MOSUL (Iraq) – The stark choice facing many Christians in Muslim-majority Iraq will be highlighted during the first ever papal visit to the Biblical nation. Pope Francis’s trip runs from March 5-8 and will include a stop in Mosul.
Iraq’s Christians have endured unrest over centuries. However, a mass exodus began after the US-led invasion of Iraq in 2003 and accelerated during the reign of Islamic State, which brutalised minorities and Muslims alike.
Hundreds of thousands fled for nearby areas and Western countries.
Across Iraq’s northern Nineveh Plains, home to some of the oldest churches and monasteries in the world, the remaining Christians often live displaced in villages that fell easily to Islamic State in 2014 or in enclaves of bigger cities such as Mosul and the nearby self-run Kurdish region.
The Islamists’ rule over almost a third of Iraq, with Mosul as their capital, ended in 2017 in a destructive battle with security forces.
Christians say they are left with a dilemma – whether to return to damaged homes, resettle inside Iraq or migrate from a country that experience has shown cannot protect them.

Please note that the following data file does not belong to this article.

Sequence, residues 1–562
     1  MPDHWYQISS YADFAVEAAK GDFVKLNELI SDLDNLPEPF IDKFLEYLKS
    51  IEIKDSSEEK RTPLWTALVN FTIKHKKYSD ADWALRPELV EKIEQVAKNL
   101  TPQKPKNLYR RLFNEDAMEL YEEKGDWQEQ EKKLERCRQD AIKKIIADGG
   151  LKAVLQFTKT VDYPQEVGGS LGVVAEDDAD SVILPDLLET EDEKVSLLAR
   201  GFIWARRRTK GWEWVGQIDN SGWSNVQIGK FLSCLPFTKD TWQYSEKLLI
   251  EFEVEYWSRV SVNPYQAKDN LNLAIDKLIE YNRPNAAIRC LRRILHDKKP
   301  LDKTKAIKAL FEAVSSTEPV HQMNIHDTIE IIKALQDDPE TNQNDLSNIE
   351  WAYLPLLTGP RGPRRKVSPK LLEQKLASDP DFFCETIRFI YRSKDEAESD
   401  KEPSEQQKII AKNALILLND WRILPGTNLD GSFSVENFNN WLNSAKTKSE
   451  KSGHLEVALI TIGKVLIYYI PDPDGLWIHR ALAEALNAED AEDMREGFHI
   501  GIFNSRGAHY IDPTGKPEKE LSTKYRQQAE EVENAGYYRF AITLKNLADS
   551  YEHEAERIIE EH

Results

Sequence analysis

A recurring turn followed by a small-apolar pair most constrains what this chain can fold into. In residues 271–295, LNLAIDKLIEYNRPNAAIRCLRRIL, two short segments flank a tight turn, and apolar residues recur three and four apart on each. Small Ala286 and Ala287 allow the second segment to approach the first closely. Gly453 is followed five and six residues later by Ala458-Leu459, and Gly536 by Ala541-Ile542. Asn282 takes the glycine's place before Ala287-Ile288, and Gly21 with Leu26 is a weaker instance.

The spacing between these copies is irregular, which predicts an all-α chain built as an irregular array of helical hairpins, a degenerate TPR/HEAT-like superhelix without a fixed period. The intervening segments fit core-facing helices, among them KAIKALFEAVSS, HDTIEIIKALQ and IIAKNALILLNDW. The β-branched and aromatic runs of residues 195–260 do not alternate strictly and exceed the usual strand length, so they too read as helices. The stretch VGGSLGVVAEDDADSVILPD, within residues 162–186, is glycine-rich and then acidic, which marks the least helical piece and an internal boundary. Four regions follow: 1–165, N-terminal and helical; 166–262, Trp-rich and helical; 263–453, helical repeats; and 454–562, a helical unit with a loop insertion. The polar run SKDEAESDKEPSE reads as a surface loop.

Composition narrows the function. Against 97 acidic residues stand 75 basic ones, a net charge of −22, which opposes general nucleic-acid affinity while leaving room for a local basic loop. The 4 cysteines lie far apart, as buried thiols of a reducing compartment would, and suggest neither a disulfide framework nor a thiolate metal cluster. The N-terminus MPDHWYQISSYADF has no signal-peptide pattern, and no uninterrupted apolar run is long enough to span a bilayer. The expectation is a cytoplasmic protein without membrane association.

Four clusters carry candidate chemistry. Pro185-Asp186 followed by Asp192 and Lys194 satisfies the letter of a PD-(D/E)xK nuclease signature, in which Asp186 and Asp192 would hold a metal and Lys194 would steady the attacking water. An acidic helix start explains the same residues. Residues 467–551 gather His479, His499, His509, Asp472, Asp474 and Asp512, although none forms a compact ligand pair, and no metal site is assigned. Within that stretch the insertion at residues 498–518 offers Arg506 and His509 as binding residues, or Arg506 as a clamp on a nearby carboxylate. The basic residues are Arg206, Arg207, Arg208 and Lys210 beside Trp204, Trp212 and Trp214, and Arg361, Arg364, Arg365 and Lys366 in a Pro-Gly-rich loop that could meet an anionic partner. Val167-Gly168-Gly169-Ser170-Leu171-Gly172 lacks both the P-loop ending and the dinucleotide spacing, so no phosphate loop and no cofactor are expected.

Iraq’s indigenous Christians are estimated to number around 300,000, a fifth of the 1.5 million who lived in the country before the 2003 invasion that toppled Sunni Muslim leader Saddam Hussein. Christians were tolerated under Hussein, but singled out for kidnappings and killings in the communal bloodshed of the mid-2000s onwards.
The experience of Islamic State, which told Christians to convert, pay a tax or be killed, and the inability of Iraqi and Kurdish security forces to prevent the group marauding through their hometowns, has left many Christians distrustful of any but their own.
Pope Francis is to visit Iraq on an historic trip that eluded his predecessors. He will say a prayer for the victims of conflict at a site in Mosul where old churches lie in ruins, once used as religious tribunals by Islamic State.
Christians welcome the visit, but do not believe it will improve their lot.